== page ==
Improving Your Debugging Skills, and Knowing When to Stop Debugging

When I work with folks who are either new to debugging, or else want to sharpen up their chops (perhaps they have gotten rusty by not having to do so for a long time), one of the things I tell them to do is to watch out for things that don’t do what you expect, and then figure out why. I mean, does everything on your computer doing exactly what you would want it to do, all of the time?

For example, I was working with a friend who doesn’t have as many chances to debug things as he would like. Concomitantly, he was struggling with MS07-052, which (for the first couple of days) would cycle in an infinite loop for anybody who didn’t install Crystal Reports as part of Visual Studio. It would install, succeed, and then detect that it needed to install again. He was about to ping a discussion alias about it. So I looked at him, and I said, “why don’t you debug it?”

It’s that kind of mindset that gets you practice debugging. Now, in this case, the cause was known, so he wasn’t going to be helping anybody out. But in many cases, the cause may not be understood (you may be holding a repro that is really hard to get) – take advantage of that opportunity. And, even if you are doing some redundant debugging, if you learn something new and keep your skills sharp, would you begrudge yourself the time? If not, then perhaps…

One of the blogs I love to follow is Mark Russinovich’s blog. He takes this exact approach over and over, outlining exactly how he uses tools to follow that investigation. And, obviously, learning how to better use the tools is one great takeaway.

But I think there’s more to it than sharpening your skills with tools. Rather, it’s a view into the mindset of somebody who is so natively curious. He sees a problem. It annoys him. So he figures out why it’s happening, so he can get it to stop. By doing that alone, you can improve your skills exponentially, and Mark is kind enough to share his techniques for how to do that investigation.

One thing that I noticed that caught my attention even more than the great example of when to start debugging and how to do it was his awesome example of when to stop. In Mark’s latest entry, The Case of the Frozen Clock Gadget, he proceeds through the investigation, and in the end determines the API that is causing a memory leak, after which he … (drum roll) … stops debugging it and files the bug. He doesn’t dig into the implementation itself to see where the memory leak is happening. He never gets to the exact cause. But, what he has done is find somebody to assign the bug to, and then he moved on. There will be a single person who owns that API, and he can hand that person the symptoms and a repro. He can now go on to bigger and better things, and that person can fix up the code.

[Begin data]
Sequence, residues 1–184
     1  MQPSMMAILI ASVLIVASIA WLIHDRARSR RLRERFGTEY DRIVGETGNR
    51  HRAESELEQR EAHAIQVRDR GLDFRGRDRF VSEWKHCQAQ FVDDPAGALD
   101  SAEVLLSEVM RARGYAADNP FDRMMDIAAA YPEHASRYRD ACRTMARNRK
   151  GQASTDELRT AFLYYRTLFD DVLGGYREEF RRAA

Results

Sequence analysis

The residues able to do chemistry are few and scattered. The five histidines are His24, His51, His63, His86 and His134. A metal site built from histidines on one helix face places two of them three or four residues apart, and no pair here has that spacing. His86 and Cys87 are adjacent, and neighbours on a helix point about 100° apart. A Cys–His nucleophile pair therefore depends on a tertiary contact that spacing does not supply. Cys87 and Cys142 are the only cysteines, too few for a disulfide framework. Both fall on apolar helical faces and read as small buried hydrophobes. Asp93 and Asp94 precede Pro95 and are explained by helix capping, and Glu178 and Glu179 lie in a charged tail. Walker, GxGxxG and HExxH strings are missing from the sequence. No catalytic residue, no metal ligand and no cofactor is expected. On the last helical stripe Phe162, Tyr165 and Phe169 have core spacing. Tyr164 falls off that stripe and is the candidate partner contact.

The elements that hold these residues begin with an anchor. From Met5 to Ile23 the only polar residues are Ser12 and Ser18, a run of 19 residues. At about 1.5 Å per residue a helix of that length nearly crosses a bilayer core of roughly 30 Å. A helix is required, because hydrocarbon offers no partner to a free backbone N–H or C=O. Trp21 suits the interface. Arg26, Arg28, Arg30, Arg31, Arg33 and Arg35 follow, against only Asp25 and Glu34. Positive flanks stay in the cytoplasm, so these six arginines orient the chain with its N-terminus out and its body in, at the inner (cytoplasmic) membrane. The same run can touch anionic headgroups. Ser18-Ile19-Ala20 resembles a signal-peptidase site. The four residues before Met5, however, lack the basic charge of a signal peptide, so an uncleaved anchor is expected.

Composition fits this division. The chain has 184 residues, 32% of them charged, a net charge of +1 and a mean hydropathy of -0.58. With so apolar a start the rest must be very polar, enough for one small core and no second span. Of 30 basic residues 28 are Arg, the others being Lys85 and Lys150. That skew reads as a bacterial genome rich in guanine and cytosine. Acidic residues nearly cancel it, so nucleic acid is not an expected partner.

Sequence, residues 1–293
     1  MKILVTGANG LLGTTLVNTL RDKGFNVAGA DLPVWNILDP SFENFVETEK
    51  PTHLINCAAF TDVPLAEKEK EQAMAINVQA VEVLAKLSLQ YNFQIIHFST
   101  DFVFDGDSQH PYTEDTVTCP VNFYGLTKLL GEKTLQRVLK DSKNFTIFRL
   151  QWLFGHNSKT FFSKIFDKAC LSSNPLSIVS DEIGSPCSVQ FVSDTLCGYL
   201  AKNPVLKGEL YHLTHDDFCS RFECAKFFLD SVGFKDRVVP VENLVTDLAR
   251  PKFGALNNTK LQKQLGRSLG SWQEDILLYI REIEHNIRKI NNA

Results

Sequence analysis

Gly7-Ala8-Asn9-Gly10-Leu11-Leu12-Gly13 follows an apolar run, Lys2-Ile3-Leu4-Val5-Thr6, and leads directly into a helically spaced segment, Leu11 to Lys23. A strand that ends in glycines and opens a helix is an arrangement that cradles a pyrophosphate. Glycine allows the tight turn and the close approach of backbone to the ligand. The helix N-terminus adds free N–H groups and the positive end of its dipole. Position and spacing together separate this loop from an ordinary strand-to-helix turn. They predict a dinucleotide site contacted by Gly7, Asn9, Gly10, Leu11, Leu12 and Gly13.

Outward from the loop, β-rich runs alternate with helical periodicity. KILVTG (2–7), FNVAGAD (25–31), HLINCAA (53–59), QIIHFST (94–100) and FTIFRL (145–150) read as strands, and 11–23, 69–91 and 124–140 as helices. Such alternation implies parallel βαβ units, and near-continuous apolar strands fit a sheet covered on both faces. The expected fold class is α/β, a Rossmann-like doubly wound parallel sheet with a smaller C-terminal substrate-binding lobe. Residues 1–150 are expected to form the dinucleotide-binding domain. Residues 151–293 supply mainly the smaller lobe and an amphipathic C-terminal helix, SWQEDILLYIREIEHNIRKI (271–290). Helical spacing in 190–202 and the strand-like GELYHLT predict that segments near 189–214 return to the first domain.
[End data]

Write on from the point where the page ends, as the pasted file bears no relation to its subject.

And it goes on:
That, my friends, is a hard skill to learn. I mean, look at what I just said. You have to be curious enough to delve deeply into a problem at the first sign of trouble. You have to be creative enough to dig in and figure out what is going on. But then, before you see the actual culprit, you stop. You have to be able to turn off your curiosity, and know that your job is just to find an owner for the bug, and move on. (Don’t worry, there are still plenty more bugs out there.) For those who are so natively curious as to get into the nitty-gritty of debugging, this can be a hard lesson to learn.

I see this all of the time working with enterprise customers who are testing application compatibility for a migration to Windows Vista, and one important step is knowing when to stop debugging. The answer, of course, can vary:

  • If the application is one that you will never run without full vendor support, stop debugging before you start. If you’re not going to ever bother fixing it, then knowing what’s wrong won’t help you, will it? This one is a hard one to learn. Many times, I have said, “I can debug this, figure out if I can shim it, and then test it with the shims applied, but if I do, are you going to run an unsupported, shimmed application? If not, then we’re just wasting our time.”
  • If the application vendor isn’t being responsive, or is playing the blame game (“It’s the fault of xxx software that I depend on – if they’d just fix their bugs, then my software would run great – go talk to them.”) then some debugging time can help you end the circle of blame and keep you talking to the people who can really help you. Remember,you’re their customer, and if you come in saying, “I know it’s you, you’re doing this, this is illegal as documented here, and I need you to fix your code please” then you can circumvent the blame game and start getting some results. Note that, once you determine the culprit and can prove it, your debugging is done. Remember, you aren’t going to change the code – the vendor is. Whichever one it turns out to be.
  • If you don’t need support, and are willing to shim the third party application, then you need to debug until you can figure out which shim you should use. Once you know this, and you shim it and the tests pass, then you are done. If you prove that it can’t be fixed using a shim, and you need to code changed, then you are done.
  • If the application is developed in-house, then you need to debug it until you know which person owns the component that is breaking. Then, assign the bug to them and let them finish debugging – your work is done.

Believe it or not, knowing when to stop is one of the hardest part of debugging applications. You need to encourage your innate curiosity to determine just enough, but then be able to turn it off. It’s simply the only way to get everything done. And, believe me, by pointing somebody in the right direction, your help can be beyond invaluable. Happy debugging!

Comments (2)

  1. …but I fixed it. And I thought you might like to know how to fix it if you run into the issue. So first,